The focus was how to combat Islamic State militants and halt their unnerving advance in Libya, just a short boat ride from southern Europe. But Western powers’ announcement Monday of their readiness to arm the struggling unity government in Tripoli has gone down badly with a rival government and its militia in the east of the fractious, chaotic country.
Supporters of General Khalifa Haftar – the muscle behind the opposition National Salvation Government – are scorning the Western powers’ decision to support a partial arms ban exemption for the United Nations-negotiated Government of National Accord (GNA).
U.S. Secretary of State John Kerry had encouraged aiding the GNA, led by Prime Minister Fayez al-Serraj, following a meeting Monday in Vienna with diplomats from 20 other Western countries.
"The international community should support the Serraj government, which is the only legitimate one in Libya, and which must now start to work," said Kerry, who presided over the meeting with his Italian counterpart, Paolo Gentiloni.
Russian Foreign Minister Sergei Lavrov, left, speaks to U.S. Secretary of State John Kerry prior to their news conference in Vienna, Austria, May 17, 2016.
The United Nations had imposed an arms embargo in 2011 to stop strongman Moammar Gadhafi from securing weapons to quell the uprising against him. He was killed in October of that year.
Kerry argued that acceding to a GNA request for arms and training is imperative to help restore order to the country. The GNA is in Tripoli; the rival government is in Tobruk.
A member of the force assigned to protect Libya's unity government stands at the entrance to where the government has their offices, in Tripoli, Libya, April 14, 2016.
In a series of angry tweets, Haftar supporters condemned the West's readiness to lift the arms embargo and aid the GNA. The Al Hurra TV channel, on its Twitter account, called the move "foreign meddling in [Libya’s] sovereign affairs."
Supporters, though, see nothing wrong with Egypt's or the United Arab Emirates' arming Haftar and his so-called Libyan National Army, made up of former militiamen and veterans from Gadhafi’s security forces.
Race to consolidate power
Analysts say Vienna may have set the stage for a race between Libya’s regional rivals to capture Sirte, the coastal city that several thousand jihadists have controlled for almost a year.
Just days before the Vienna meeting, militiamen from the town of Misrata, which back the GNA, and Haftar’s fighters skirmished south of Sirte. Now there’s an added incentive for Haftar’s forces to get to Sirte before arms start flowing to the GNA militia allies, some analysts warn.
Smoke billows from a factory after an airstrike by forces loyal to former general Khalifa Haftar, in Benghazi, Libya, Oct. 22, 2014.
Jason Pack of the consultancy Libya-Analysis said he feared loosening the arms embargo “could fuel tensions rather than deter them,” adding that “an injection of weapons to the GNA is likely to amplify factional rivalries” rather than help tamp them down.
“The international community’s undeterred championing of the GNA seems increasingly out of step with Libyans’ sentiments,” Pack said, noting growing public support for Haftar. The Gadhafi-era general and his forces have made gains in recent weeks against IS and other militants in Benghazi, Derna and Ajdabiya.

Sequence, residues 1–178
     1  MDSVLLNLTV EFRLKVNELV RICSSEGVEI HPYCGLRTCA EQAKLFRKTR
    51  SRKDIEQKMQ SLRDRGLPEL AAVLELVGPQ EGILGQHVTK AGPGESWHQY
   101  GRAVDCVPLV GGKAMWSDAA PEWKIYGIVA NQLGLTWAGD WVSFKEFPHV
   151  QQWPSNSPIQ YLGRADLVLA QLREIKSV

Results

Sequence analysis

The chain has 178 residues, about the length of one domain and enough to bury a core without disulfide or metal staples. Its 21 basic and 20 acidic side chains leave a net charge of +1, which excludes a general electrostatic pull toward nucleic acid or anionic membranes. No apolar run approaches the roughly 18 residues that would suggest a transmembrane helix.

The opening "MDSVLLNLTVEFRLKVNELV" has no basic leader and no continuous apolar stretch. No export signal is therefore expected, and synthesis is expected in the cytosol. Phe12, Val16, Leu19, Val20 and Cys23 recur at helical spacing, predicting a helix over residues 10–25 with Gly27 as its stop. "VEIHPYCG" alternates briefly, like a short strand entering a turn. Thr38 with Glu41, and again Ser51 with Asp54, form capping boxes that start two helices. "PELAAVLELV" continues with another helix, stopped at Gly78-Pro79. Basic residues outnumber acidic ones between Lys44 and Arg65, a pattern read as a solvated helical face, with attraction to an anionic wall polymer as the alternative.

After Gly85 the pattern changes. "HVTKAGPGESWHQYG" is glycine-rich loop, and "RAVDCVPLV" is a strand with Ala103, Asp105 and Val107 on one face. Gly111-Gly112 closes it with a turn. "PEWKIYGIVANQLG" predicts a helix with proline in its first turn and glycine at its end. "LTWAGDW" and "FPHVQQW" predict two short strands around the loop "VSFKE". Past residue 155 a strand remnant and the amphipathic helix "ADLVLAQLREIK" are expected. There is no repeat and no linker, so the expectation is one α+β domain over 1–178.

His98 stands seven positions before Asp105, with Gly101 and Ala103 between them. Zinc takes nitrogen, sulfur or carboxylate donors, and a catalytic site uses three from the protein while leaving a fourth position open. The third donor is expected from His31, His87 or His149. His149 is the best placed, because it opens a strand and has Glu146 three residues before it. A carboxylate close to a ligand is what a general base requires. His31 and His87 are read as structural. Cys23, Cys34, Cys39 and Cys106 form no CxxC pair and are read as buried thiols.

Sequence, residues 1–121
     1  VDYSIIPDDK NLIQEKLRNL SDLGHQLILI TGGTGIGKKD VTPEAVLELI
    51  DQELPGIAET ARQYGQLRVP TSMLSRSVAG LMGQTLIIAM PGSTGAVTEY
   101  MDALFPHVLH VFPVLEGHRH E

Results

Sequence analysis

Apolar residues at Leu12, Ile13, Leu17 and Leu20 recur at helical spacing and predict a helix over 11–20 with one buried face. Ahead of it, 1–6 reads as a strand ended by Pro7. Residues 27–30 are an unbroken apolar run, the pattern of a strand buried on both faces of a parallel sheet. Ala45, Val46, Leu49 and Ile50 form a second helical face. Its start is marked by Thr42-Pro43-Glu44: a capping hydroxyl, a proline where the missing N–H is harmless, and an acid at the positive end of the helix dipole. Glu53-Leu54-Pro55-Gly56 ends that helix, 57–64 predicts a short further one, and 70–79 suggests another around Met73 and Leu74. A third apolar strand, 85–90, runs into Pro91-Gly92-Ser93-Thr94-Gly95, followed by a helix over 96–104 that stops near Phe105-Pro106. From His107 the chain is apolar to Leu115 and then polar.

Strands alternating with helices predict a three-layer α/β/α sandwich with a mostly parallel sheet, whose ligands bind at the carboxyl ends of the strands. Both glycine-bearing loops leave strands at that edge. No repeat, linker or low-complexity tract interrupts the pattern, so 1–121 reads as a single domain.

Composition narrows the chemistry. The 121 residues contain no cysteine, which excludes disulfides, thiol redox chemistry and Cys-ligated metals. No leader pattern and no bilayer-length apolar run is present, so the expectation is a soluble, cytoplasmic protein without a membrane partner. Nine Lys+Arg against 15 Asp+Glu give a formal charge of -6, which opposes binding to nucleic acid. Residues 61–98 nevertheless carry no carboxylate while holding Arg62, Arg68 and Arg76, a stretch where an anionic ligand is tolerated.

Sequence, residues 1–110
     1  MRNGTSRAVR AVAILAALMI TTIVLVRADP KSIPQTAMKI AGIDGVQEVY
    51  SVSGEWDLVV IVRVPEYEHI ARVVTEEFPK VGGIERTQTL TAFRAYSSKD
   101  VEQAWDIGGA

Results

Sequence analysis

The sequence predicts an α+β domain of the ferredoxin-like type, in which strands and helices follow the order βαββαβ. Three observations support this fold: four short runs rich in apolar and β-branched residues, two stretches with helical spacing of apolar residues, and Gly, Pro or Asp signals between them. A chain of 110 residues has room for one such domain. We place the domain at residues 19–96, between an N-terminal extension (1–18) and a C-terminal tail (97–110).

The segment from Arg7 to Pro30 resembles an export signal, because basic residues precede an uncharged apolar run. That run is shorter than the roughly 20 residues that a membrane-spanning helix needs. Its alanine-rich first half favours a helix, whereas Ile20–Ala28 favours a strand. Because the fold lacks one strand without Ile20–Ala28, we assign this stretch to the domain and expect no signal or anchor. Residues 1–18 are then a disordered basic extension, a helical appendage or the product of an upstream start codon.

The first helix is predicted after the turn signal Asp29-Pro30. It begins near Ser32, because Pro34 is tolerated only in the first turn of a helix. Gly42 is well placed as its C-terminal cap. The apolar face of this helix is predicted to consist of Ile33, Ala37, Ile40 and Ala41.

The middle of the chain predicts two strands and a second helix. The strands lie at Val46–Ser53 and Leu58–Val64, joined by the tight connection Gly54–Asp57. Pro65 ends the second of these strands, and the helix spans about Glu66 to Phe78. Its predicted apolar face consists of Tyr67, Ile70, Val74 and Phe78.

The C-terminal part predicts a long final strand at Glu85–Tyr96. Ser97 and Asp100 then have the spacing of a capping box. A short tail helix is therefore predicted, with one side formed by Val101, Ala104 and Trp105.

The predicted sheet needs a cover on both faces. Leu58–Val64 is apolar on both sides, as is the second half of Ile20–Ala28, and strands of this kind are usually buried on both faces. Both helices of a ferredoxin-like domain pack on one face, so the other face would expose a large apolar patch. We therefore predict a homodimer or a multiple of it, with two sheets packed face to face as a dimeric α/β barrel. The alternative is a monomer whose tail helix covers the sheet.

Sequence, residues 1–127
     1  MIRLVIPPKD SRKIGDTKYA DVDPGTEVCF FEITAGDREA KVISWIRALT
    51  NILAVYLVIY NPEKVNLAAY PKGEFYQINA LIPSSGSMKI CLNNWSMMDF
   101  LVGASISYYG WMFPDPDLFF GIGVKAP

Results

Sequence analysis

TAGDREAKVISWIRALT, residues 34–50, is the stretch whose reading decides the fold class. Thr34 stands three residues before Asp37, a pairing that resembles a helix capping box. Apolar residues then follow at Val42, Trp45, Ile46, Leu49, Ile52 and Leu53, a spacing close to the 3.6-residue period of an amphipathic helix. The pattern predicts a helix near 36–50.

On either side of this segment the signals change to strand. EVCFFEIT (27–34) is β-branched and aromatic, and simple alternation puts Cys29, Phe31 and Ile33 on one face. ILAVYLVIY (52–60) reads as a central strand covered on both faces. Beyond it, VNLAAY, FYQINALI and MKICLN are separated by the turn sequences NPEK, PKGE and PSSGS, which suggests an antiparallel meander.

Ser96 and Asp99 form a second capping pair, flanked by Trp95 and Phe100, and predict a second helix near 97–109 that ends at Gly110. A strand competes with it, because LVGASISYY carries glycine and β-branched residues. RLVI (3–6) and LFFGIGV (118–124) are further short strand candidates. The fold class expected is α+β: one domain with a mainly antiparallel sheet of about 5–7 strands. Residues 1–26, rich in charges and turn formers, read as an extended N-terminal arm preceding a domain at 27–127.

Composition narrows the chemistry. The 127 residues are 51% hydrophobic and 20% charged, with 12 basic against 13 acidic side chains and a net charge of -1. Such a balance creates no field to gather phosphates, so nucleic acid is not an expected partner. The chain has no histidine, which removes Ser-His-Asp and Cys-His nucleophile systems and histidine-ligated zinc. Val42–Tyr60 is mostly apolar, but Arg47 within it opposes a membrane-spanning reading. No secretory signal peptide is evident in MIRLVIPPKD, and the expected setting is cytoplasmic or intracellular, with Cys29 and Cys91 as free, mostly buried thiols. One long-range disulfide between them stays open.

Stabilizing Libya is an urgent goal for the West as it tries to combat IS more effectively and counter the smuggling of migrants to Europe.
The unity government, installed in March, was meant to be a first step in bringing order to a country that has known little since Gadhafi’s ouster. Western officials have placed hope in war fatigue, the allure of foreign aid and development money, and the growing threat of IS to build popular momentum for the unity government.
But in large parts of Libya, questions remain about the GNA’s legitimacy.
UN deal unfulfilled
Under the U.N. negotiated deal, the GNA is meant to be sharing power with two rivals: the east’s National Salvation Government, an arm of the House of Representatives (HoR); and the rump of the General National Congress, which refused to stand aside after Libyans voted for the HoR to replace it as the country’s legislature in 2014.
But the GNA has struggled to consolidate its position in the Libyan capital, let alone expand its authority to the rest of the country. It remains dependent on the support of powerful western militias, whose loyalty remains suspect and who may be biding their time to see how the unity government fares.
The HoR has failed to endorse the GNA, a move required under the U.N. deal. HoR President Ageela Saleh warned Monday his legislature won’t approve the unity government unless ministers selected by al-Serraj attend a session in Tobruk, which they refuse to do, citing security concerns.
Hafed Al-Ghwell, a senior adviser with Oxford Analytica, a global risk advisory group, said big questions remain about the GNA’s credibility.
“Many people have been excluded, especially tribal and former Gadhafi officers as well as over a million Libyan exiles in Egypt and Tunisia,” he said. He warned that by giving arms to the Tripoli-based GNA government, the West would essentially be taking sides in what in effect is a civil war.
Migrants who'd attempted to flee to Europe wait in Libyan coast guard detention in the coastal city of Tripoli, Libya, May 16, 2016. The country's civil war has created openings for extremists, which Western governments hope to halt.